To some, journalism is a calling. And Sarah Goodwin is among that “some.”

Sarah is the lead character of Donald Margulies’ intricate play, “Time Stands Still,” now at the Bristol Riverside Theater. A famous photojournalist and a recognized star of the weekly magazine in which her work appears, Sarah views her job as not only exposing the world but as being a means to changing it.

She believes showing the ravages of war, the effect of abject poverty, the ways people cope with disruption, and even a day care center for inmates’ children at a women’s prison inform readers enough to make them act against such atrocity or to support unusually sensible institutional programming.

Sarah is more committed than two other journalists Margulies depicts. She regards her work as a mission while James, a reporter and her partner for eight years, is ready to trade adventure and danger for the comforts of home and essays on movie history, and Richard, Sarah’s editor, is practical enough to know the magazine is a business, and he is lucky to have influence over one department of it.

One difference is Sarah, who never lets peril, sentiment, or protest get between a good picture and her lens, was almost killed during a car bombing she was shooting in Afghanistan. When we meet her, she has huffed, puffed, and hobbled her way to a loft in a New York walkup, her and James’ home, her left leg confined in a cast, her left arm supported by a sling, and her face a map of scars. You know before she speaks her survival was a miracle, and the tough climb to her apartment is among the more pleasant of her recent ordeals.

James is also a casualty of war, more psychological than physical. Even before Sarah was injured, he had left war zones for the safety of Manhattan for both personal reasons and professional exhaustion.

Ideas of all sorts, from the adrenaline of covering a war to the banalities of domestic bliss, swirl through Margulies’ thought-provoking script. The main story is Sarah’s recovery and her determination to go back into action as soon as Richard will give her an assignment of consequence.

At Bristol, Sarah has to be the main interest and focus because the deep and genuine nature of Eleanor Handley’s performance towers over anything Margulies or Handley’s castmates can do.

Handley embodies this play. Her Sarah has a maturity, steadfastness, and drive that immediately convey how seriously she takes anything involving her — work above all — and how little taste she has for the frivolities, triteness, or simplicity of routine life.

Handley’s Sarah is for the trenches. She can no more take warm and fuzzy assignments like showing convicts nursing their babies than she can walk her own child, and perhaps a dog, around Manhattan blocks. If there is mayhem in the world, Sarah wants to photograph it and send it back in pouches for Richard to distribute while she goes hunting and gathering more barbarism.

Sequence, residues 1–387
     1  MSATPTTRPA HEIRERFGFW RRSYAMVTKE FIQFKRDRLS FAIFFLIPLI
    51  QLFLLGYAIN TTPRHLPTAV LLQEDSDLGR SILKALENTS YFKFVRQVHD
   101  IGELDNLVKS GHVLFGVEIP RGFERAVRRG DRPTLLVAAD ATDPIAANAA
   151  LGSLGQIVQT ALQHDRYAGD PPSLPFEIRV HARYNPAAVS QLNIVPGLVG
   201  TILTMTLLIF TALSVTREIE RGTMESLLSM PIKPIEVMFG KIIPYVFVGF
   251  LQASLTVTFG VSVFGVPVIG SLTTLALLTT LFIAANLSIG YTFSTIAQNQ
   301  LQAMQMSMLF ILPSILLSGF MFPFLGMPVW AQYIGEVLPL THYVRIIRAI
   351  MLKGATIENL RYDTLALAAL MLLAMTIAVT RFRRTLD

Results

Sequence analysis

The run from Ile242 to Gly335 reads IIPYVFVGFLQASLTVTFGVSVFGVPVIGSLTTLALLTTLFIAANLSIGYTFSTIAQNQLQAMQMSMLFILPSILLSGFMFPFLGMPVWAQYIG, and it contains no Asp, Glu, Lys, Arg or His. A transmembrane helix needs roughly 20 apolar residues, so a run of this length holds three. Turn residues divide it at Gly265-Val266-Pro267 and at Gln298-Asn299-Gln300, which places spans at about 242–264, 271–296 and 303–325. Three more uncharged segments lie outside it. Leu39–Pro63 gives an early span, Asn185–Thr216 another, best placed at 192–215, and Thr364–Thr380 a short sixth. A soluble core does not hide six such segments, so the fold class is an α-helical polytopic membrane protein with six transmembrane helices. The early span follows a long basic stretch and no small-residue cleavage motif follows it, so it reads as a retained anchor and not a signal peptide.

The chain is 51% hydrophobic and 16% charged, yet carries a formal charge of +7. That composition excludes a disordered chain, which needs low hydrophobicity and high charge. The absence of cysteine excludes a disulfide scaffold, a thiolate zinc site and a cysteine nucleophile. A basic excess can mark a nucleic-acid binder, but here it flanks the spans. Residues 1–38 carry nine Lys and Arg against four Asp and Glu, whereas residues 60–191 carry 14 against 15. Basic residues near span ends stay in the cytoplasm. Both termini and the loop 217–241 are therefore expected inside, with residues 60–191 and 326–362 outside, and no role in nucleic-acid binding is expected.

The tone and resoluteness Handley gives Sarah, and the contrast between it and other attitudes characters express, informs Susan D. Atkinson’s production for Bristol and gives it the gravitas that sets up the headier topics Margulies addresses in his play, e.g. why half the world is in constant uproar and why the chaos has to be reported.

Please do not get the impression that Handley bulldozes past her castmates or dominates to the point of making Atkinson’s production lopsided in Sarah’s favor.

Each actor on Atkinson’s stage makes his or her mark, but Handley’s unswerving honesty and credibility as Sarah provides the intensity that makes the Bristol production a study in dedication and personal resolve.

Handley’s Sarah can be light when the moment calls for it. She can make jokes, including the sardonic one-liners journalists bat out to take some pressure off the harrowing. Sarah learns to accept the once off-putting Hallmark-y cheerfulness of Giknis’s San Diego-sunny Mandy. Yet even when giving into a perkier, more humorous side, Handley lets you see that hum of dedication that will bring her back to Kandahar, Mosul, or wherever armed conflict is.

Everything Handley does contributes to making Sarah a full, fully interesting, and fully engaging woman. Her performance is seamless and is reason alone for seeing Bristol Riverside’s rendition of “Time Stands Still.”

Laura Giknis provides a second reason. This reliable actress seems to specialize in parts in which a spirited young woman in underrated but proves her mettle with time. Her Mandy is almost an interruption, a bathetic introduction of inanity in an environment when higher, more critical things are being discussed.

Annoying though Mandy can be, Giknis makes you like her on sight. You can see there’s more to Mandy, and if not, she can be enlightened. Though conceived from an opposite point of view, Giknis’ Mandy illustrates life has two sides, and it might do one well to cultivate, or at least enjoy, both.

The men in Atkinson’s cast do not register with the same intensity. When you first see him, Michael Satow doesn’t seem like a seasoned journalist, especially one with years of experience in ugly situations. You don’t see his James as any kind of match for Handley’s Sarah. Satow does better in scenes in which James and Sarah hash out their relationship or confront what it might take for them to remain together.

Danny Vaccaro is fine as Richard, but he seems to be content to play a part rather than build a character.

Jason Simms’ set suggests a place where busy people stop to regroup before heading across the world for their jobs. The apartment seems appropriately makeshift and temporary while remaining livable. Linda B. Stockton does her usual perceptive job in costuming.

Time Stands Still, Bristol Riverside Theater, 120 Radcliffe Street, Bristol, Pennsylvania. Through Sunday, February 11. $39 to $50. 215-785-0100 or www.brtstage.org.

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